Procambarus virginalis was found in the waterbodies of the Balaton region in Hungary (Ludányi et al., 2016) as well as in a lake near the Drava River in Croatia (Dobrović et al., 2021; Samardžić et al., 2014). Given the fact, that this invasive species is known to reproduce by parthenogenesis, this makes the marbled crayfish even a bigger concern, because only one female might be enough to establish a new population (Scholtz et al., 2003).

    Procambarus clarkii (Girard, 1852) (Red swamp crayfish), which is considered as a high-risk species for European freshwaters (Kouba et al., 2014), has not yet been found in countries of SEE. However, as this species is already established in 16 European territories, P. clarkii is still a species of future concern (Souty-Grosset et al., 2016).

  • 4

    the crayfish plague caused by the pathogen Aphanomyces astaci Schikora, 1906. All of the introduced NICS in Europe are potential vectors of this pathogenic oomycete that causes the crayfish plague (Souty-Grosset et al., 2006; Weinländer and Füreder, 2009), a disease which is known since the 19th century (Edgerton et al., 2004). While NICS are mostly immune or less susceptible, this disease is able to lead to a quick death of native crayfish (Oidtmann et al., 2002). With this advantage NICS can replace native species even faster. However, recent studies showed that native crayfish, which managed to survive over decades in habitats infested with the crayfish plague, can gain a partial resistance to this disease (Kušar et al., 2013; Maguire et al., 2016; Pacioglu et al., 2020).

  • 5

    climate change. As most other native organisms, indigenous crayfish currently suffer from this major pressure (Edsman, et al. 2010; Pecl, et al. 2017). Changes in precipitation patterns and the frequency of extreme weather conditions, which result in water temperature increase and changes in the water flow regimes, negatively impact ICS (Moss et al., 2009). Additionally, climate change may increase future spread of NICS and their pathogens (Hulme, 2017). Future climate change will probably have further negative impacts onto ICS population, through contracting number of suitable habitats for their survival as shown in a recent study by Lovrenčić et al. (2022).

Considering all these threats, indigenous crayfish are listed in the IUCN Red List of endangered species (IUCN, 2011) with a “Vulnerable” (VU) or higher status, except for A. torrentium, and are protected by national and European laws (Weinländer and Füreder, 2010). In some of the SEE countries in which evaluation according to IUCN Red List criteria were used, certain ICS have a higher threatened status than at the global scale; e.g. A. torrentium has a VU status in Croatia, whereas on international level its status dada is deficient (DD), or A. astacus is evaluated as “Endangered” (EN) in Serbia in contrast to VU at the global level (Simić et al., 2008; Maguire et al., 2018).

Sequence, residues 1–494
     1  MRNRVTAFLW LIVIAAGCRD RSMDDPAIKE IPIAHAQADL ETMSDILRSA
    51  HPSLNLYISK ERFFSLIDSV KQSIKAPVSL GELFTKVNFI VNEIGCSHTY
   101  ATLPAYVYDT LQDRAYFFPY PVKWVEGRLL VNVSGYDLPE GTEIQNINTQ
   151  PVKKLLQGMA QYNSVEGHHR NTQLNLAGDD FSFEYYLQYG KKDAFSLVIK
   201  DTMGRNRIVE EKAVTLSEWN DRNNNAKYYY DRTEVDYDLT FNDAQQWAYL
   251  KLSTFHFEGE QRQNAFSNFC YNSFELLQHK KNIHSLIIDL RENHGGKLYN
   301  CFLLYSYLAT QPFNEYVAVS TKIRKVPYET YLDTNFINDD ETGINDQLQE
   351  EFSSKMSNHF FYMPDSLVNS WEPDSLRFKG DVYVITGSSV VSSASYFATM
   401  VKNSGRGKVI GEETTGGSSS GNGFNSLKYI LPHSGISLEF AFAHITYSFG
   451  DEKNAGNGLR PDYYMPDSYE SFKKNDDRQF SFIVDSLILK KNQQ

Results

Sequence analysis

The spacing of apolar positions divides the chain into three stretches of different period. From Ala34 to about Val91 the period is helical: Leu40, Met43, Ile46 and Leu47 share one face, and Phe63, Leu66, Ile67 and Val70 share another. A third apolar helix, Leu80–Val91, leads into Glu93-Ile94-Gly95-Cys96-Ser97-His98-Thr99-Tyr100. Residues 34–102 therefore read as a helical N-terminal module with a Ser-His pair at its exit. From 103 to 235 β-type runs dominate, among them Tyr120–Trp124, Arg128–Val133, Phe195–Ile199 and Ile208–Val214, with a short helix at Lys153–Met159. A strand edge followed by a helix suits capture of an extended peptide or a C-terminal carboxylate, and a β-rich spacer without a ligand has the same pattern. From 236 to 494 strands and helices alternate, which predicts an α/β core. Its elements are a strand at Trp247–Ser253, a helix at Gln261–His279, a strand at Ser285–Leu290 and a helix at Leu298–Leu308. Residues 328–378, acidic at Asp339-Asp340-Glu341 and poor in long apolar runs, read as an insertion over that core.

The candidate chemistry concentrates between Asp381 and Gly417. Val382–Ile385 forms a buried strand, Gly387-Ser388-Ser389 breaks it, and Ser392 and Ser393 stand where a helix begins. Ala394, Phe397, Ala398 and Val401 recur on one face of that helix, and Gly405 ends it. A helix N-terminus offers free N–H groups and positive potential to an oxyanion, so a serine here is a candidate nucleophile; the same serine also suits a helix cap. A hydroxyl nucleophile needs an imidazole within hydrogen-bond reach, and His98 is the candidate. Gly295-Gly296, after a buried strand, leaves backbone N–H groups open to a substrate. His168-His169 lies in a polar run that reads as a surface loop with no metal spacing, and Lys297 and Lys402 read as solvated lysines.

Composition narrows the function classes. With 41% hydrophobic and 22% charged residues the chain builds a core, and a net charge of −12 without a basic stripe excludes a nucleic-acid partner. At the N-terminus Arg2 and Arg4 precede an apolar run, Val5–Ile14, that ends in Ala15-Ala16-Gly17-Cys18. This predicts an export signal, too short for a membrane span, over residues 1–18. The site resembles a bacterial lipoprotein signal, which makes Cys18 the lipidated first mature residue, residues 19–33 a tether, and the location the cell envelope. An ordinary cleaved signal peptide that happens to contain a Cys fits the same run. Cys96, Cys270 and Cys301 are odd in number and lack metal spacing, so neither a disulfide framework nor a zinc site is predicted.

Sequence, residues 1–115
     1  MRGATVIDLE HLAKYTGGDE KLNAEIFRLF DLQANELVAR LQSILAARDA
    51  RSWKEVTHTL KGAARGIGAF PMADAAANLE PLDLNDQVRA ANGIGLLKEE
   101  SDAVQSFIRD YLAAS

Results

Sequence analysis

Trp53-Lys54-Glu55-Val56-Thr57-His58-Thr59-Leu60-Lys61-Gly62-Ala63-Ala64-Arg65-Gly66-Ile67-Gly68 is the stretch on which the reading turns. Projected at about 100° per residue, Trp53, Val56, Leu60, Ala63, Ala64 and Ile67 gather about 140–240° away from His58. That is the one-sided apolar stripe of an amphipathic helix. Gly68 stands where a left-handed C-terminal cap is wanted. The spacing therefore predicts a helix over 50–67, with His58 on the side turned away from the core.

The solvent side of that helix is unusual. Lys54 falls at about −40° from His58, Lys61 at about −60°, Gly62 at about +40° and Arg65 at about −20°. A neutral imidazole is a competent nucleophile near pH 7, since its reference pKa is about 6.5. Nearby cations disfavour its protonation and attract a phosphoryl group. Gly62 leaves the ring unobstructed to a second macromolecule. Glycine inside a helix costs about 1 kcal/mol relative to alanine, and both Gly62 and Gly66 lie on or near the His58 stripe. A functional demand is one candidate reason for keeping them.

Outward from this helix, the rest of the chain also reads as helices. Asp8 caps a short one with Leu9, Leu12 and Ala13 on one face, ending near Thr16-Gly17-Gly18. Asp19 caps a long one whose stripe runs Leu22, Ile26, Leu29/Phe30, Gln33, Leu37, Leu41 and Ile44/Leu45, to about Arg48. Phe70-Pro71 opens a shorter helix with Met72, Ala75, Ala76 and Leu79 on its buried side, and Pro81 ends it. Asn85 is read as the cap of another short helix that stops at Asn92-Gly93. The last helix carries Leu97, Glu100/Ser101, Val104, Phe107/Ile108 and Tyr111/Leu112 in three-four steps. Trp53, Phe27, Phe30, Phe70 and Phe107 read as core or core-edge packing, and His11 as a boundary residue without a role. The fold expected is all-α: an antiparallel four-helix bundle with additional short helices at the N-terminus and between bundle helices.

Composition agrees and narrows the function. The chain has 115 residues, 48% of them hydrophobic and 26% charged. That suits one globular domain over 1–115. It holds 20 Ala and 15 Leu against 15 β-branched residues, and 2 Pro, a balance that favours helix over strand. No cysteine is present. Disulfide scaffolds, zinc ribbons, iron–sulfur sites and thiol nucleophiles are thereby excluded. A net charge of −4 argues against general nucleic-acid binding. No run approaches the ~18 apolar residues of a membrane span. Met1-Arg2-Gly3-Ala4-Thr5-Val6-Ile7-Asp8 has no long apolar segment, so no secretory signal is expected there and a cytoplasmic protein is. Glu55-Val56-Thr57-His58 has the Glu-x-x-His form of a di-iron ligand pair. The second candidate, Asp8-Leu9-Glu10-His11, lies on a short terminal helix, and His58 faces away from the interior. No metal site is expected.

However, only a few studies put a focus on crayfish populations within the frame of broad-scale conservation projects, like Natura 2000 and compare the effectiveness of designated sites to the actual species distribution (Lovrenčić et al., 2020b). Additionally, only Slovenia, Croatia, Bulgaria and Romania contribute to the Natura 2000 network and asses the local crayfish status in protected areas as members of the European Union (Trichkova et al., 2013; Todorov et al., 2014).

We investigated Natura 2000 sites for each protected crayfish species listed in Annex II of the Habitats Directive ( Fig. 2). Except Romania no other SEE member state designated Natura 2000 sites for A. astacus (AstAst). In total 135 Natura 2000 sites have A. astacus listed in Annex II (Fig. 2A), with the most designated sites per country located in Germany (42) and Latvia (22). In contrast, 389 of all Natura 2000 sites were designated for A. torrentium (AusTor), among them 224 in SEE countries (Fig. 2B). Compared to the country size, Slovenia has almost five times more sites (120) than Croatia (25). Germany and Bulgaria designated 119 and 67 sites for A. torrentium, respectively. The highest number of all Natura 2000 sites concerned A. pallipes (AusPal), with 812 sites, Slovenia and Croatia contributing with only 11 and 26 sites for this species, respectively (Fig. 2C). In comparison countries outside SEE like Italy (312), France (251) and Spain (186) contributing most Natura 2000 sites. List of Natura 2000 sites designated for A. astacus, A. pallipes and A. torrentium can be found in Tables S2, S3 and S4, respectively.